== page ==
Outside the taxi window, the sky was a bruised, inky purple; it was still stubbornly too early for the sun to rise and, instead of being tucked up in bed at what I suppose you could call the pre-crack of dawn, I somehow found myself walking bleary-eyed into Billingsgate Fish market. Straight, in fact, into a wall of sound and smell, sliding on the slick floor coated in a sheen of fish guts, salty water and pushing through the crowds of overall-clad workers, into Piggy’s Cafe where, unlike outside, where it smelt of an old seashore, in here there was the sharp smell of competition.

But I shouldn’t complain too much, really, when you consider that I signed myself up for this trial by fishy fire voluntarily. A week or so ago, a shiny bottle of Muscadet arrived at my front door, along with a challenge from wine expert Douglas Blyde: create a dish to match this unique wine and come and cook it on the spot. We’ll pick you up at 5am. Winner takes all (well, all the wine anyway). How could I refuse?

So there I was, wedged into an overcrowded table, eyeing up the other chefs and wolfing down a fat scallop sandwich alongside Foodepedia’s Tom, who I’d only just met. Because what better time is to meet your co-partner in cooking to the death than on the morning of the battle royale?

Luckily, Tom was all for the brilliant strategy of’winging it’, which, after we’d risked a look around and clocked a host of well-known, formidable faces clutching written out recipes and discussing their tried and tasted dishes, felt slightly less brilliant.

Basically we were flying by the seat of our pants…and our combined tastebuds alone, frantically trying to remember what the wine tasted like, which fish we knew how to cook and holding onto the belief that inspiration was going to strike soon for dear life.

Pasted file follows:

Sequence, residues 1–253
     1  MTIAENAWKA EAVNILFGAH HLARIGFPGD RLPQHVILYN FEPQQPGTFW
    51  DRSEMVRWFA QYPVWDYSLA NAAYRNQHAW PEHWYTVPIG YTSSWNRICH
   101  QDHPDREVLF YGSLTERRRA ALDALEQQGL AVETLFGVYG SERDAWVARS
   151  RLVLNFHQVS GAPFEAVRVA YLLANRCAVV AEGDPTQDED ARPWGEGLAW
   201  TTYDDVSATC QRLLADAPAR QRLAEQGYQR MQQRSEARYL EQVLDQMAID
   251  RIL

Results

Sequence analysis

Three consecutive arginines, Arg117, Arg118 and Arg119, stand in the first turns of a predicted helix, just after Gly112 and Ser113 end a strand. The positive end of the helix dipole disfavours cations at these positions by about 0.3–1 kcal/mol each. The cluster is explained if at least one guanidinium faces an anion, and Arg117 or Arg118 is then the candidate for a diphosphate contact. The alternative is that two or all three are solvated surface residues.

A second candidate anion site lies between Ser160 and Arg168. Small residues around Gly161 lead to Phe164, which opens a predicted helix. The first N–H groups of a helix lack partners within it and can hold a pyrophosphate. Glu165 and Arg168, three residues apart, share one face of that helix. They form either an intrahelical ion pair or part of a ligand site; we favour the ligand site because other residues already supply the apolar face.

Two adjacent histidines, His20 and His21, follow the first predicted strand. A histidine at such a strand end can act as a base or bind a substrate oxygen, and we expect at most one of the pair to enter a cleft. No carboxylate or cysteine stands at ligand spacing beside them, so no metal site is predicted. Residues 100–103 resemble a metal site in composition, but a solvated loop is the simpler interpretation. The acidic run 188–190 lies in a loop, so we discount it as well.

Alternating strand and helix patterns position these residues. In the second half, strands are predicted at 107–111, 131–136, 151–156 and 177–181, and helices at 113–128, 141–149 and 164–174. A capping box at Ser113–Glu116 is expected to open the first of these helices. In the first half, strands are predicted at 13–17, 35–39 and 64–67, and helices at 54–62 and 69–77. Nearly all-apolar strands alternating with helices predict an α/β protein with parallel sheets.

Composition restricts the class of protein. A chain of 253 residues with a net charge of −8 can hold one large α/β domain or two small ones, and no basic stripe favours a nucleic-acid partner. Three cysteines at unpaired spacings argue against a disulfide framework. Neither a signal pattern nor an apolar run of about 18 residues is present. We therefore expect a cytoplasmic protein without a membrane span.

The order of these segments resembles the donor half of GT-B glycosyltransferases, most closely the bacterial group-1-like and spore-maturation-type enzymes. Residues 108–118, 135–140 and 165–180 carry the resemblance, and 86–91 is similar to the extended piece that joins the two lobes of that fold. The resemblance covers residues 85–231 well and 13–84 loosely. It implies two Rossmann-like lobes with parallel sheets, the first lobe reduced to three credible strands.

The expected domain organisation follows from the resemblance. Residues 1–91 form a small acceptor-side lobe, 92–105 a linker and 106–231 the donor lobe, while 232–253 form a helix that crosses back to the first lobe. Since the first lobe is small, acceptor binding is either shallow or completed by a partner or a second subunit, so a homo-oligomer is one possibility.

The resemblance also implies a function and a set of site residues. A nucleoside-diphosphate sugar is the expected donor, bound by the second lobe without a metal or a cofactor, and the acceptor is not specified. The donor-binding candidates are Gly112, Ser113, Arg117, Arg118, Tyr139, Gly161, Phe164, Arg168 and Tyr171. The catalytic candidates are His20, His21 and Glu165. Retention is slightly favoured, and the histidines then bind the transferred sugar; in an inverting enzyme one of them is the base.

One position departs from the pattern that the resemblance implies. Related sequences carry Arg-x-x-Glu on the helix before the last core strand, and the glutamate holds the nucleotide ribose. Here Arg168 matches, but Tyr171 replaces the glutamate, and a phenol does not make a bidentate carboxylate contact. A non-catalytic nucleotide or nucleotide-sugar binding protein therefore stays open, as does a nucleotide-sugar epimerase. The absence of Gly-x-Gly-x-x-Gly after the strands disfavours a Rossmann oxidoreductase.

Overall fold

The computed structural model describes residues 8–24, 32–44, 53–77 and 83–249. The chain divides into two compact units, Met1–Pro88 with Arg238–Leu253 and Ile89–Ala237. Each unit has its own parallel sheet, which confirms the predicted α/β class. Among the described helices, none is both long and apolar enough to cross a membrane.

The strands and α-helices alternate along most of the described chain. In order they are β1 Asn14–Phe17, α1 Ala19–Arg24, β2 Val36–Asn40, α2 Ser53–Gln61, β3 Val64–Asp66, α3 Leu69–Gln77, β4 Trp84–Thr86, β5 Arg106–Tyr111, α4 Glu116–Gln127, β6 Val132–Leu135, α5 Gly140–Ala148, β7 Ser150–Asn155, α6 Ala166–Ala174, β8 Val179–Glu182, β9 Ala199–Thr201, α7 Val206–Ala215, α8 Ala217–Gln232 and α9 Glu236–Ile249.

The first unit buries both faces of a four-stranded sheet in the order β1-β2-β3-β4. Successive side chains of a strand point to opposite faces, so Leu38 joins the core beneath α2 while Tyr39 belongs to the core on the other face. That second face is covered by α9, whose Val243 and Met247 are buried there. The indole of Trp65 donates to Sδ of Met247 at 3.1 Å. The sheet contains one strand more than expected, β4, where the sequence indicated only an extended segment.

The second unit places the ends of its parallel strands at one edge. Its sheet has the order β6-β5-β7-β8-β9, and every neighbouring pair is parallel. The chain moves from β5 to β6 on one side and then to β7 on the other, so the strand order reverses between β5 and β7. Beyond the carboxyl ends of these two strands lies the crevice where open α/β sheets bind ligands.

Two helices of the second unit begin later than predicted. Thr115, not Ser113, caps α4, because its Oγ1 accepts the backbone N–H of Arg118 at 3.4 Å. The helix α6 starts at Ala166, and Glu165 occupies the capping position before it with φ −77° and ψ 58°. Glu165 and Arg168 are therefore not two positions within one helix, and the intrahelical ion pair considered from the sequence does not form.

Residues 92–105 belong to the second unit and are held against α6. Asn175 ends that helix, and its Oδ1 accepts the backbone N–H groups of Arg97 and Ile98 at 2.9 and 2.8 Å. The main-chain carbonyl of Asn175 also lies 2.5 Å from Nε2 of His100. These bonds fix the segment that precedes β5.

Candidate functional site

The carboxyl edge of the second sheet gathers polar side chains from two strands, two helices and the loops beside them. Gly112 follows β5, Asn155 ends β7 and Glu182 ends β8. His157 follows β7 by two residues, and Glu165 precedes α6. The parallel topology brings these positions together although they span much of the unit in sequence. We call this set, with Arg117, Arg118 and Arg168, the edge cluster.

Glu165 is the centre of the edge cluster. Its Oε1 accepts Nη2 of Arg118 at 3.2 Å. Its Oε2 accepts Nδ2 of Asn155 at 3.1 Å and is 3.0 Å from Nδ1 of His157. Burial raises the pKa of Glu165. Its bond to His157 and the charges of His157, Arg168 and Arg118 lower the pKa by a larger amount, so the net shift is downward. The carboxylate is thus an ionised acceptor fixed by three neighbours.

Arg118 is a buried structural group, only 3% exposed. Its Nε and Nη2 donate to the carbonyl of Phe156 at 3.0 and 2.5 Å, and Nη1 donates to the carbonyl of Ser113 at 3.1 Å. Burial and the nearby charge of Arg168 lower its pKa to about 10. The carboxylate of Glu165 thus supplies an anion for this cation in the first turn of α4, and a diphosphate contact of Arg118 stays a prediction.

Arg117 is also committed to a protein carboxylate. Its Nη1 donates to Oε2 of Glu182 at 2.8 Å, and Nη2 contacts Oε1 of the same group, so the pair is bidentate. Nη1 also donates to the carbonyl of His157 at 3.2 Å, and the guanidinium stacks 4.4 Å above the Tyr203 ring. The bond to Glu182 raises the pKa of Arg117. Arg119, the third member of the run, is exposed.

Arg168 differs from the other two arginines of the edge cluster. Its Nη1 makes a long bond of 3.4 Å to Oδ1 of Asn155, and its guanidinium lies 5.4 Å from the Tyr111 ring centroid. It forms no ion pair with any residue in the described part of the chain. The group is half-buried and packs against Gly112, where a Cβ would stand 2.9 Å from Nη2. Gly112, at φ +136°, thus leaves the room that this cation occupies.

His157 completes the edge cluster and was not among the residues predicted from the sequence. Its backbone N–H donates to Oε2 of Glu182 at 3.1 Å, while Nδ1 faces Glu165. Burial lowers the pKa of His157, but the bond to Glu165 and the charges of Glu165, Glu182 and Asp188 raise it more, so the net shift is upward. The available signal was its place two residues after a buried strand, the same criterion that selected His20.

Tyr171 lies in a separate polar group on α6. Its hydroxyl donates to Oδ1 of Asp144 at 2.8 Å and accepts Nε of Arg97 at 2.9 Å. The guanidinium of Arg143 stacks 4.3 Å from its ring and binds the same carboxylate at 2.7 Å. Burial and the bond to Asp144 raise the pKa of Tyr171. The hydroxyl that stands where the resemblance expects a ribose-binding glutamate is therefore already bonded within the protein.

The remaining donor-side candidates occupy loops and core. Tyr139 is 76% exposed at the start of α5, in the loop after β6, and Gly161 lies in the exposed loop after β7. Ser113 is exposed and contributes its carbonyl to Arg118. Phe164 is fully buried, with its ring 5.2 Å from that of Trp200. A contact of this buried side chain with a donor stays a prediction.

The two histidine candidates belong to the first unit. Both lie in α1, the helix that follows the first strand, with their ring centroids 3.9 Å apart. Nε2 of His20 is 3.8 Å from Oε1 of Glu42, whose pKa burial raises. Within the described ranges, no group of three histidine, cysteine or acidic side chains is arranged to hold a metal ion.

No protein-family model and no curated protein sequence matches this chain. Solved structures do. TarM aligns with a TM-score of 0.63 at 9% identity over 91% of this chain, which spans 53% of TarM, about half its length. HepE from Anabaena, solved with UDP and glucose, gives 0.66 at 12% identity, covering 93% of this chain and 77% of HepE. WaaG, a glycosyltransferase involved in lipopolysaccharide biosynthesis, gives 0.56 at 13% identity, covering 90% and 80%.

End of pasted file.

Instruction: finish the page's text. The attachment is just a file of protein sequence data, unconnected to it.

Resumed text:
Despite my work revolving around wine, I’d had limited exposure to Muscadet. I vaguely recall one of my father’s friends sitting at our kitchen table – pompously insisting that French wine was the only wine worth drinking – gripping the slender neck of a bottle of Muscadet and throttling the cork out before taking an exaggerated sip and swilling it, the flushed skin on his cheeks bulging before he declared it a winner with a smack of his lips and a slam of the bottle on the table.

Needless to say trying it in my own home, some 15 years later was slightly different. I knocked an icy glassful back in haste after a late evening at work, only to be stopped in my tracks by the wine’s unexpected fizz (earned from its Sur Lie aging process), its lemon-singed, smoky finish and its strange, mineral tang. It tasted like a mouthful of the seaside. It tasted distinctly of French holidays. It tasted nothing like I expected.

Back in the fish market, Tom and I settled on monkfish. Mainly because we both liked to eat it and because it looked beautifully fresh, its tawny skin mottled and shining under the strip lighting. It was only when we carried on wandering and saw the variety of fish that the other competitors were picking up, that we started to worry.